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Figure 1. Time evolution of friction velocity (grey) and saltation flux (yellow) measured during the Japan-Australia Dust Experiment (JADE) project.
Figure 2. The meteorological model domain.
Figure 3. Comparison of the model-predicted and measured friction velocity values under different roughness length conditions.
Figure 4. Locations of the 15 points selected for the model-observation comparison of soil moisture content: (a) MODIS land-use type for Gobi desert, grassland, and cropland; (b) locations of 15 points.
Figure 5. Index of agreement of the soil moisture contents predicted using different land surface schemes and corrected with the compensation factors.
Figure 6. Comparison of soil moisture obtained with different options for the top soil layer depth: (a) Soil moisture content; (b) soil moisture effect factor.
Figure 7. Saltation flux curve-fitted as a function of friction velocity for four dust events during the JADE Project: (a) Dust event 1; (b) Dust event 2; (c) Dust event 3; (d) Dust event 4; (e) All dust event.
Figure 8. Comparison of the two representative saltation schemes with observations when measured friction velocities were used: (a) for = 0.2 m s−1; (c) for = 0.24 m s−1; (e) for = 0.28 m s−1; (b), (d) and (f) are scatterplots for (a), (c) and (e), respectively.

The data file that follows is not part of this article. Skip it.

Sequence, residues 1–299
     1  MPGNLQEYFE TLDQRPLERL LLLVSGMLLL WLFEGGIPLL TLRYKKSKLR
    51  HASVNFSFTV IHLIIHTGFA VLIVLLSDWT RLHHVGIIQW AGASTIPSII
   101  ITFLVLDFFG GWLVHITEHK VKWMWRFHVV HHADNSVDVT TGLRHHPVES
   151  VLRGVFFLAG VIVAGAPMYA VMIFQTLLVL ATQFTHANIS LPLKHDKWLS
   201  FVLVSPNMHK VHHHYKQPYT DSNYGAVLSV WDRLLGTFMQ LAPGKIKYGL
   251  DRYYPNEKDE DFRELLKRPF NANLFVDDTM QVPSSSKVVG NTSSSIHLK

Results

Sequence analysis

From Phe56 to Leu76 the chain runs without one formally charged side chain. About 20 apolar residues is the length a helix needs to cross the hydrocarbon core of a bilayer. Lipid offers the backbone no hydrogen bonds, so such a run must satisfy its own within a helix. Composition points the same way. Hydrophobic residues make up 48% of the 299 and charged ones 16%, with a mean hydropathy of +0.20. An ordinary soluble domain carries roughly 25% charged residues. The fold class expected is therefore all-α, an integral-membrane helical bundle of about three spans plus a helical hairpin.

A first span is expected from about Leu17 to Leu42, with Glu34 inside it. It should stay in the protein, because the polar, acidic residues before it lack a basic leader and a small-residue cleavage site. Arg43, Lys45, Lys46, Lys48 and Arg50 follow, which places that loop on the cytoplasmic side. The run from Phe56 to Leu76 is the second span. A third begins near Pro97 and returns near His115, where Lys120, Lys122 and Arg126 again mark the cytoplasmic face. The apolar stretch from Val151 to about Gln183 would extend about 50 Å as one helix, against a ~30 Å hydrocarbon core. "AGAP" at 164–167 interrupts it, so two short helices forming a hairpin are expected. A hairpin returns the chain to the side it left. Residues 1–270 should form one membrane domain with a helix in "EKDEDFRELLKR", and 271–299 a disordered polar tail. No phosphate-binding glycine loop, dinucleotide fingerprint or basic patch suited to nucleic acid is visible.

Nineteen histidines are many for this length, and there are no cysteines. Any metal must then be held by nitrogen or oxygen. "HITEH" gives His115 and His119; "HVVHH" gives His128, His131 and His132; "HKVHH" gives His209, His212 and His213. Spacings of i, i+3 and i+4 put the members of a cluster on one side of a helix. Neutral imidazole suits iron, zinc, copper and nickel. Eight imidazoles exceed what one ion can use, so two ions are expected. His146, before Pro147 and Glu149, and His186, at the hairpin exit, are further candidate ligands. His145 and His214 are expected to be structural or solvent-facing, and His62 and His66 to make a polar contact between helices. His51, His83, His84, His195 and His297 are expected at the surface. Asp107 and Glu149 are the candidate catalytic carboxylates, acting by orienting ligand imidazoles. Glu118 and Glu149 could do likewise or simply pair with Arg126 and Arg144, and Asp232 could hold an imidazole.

Figure 9. Comparison of the two representative saltation schemes with observations when model-predicted friction velocities were used: (a) for = 0.245 m s−1; (c) for = 0.28 m s−1; (b) and (d) are scatterplots for (a) and (c), respectively.
Table 1. Information on the domain and physics options set for WRF running.
|Domain (Horizontal grid)||Australia (74 61)|
|Horizontal resolution||5 km|
|Land-use data||IGBP (International Geosphere-Biosphere Programme)-Modified MODIS (Modarate Resolution Imaging Spectroradiometer) 20-category|
|Microphysics||WRF Single-Moment 6-class|
|Longwave radiation||RRTMG (The Rapid Radiative Transfer Model for GCMs)|
|Land surface||Modified Noah-MP|
|Planetary Boundary layer||Yonsei University (YSU)|
|Initial data||NCEP FNL Operational Model Global Tropospheric Analyses (ds083.2)|
|Simulation period (Spin-up)||15 February to 16 March 2006 (8-day)|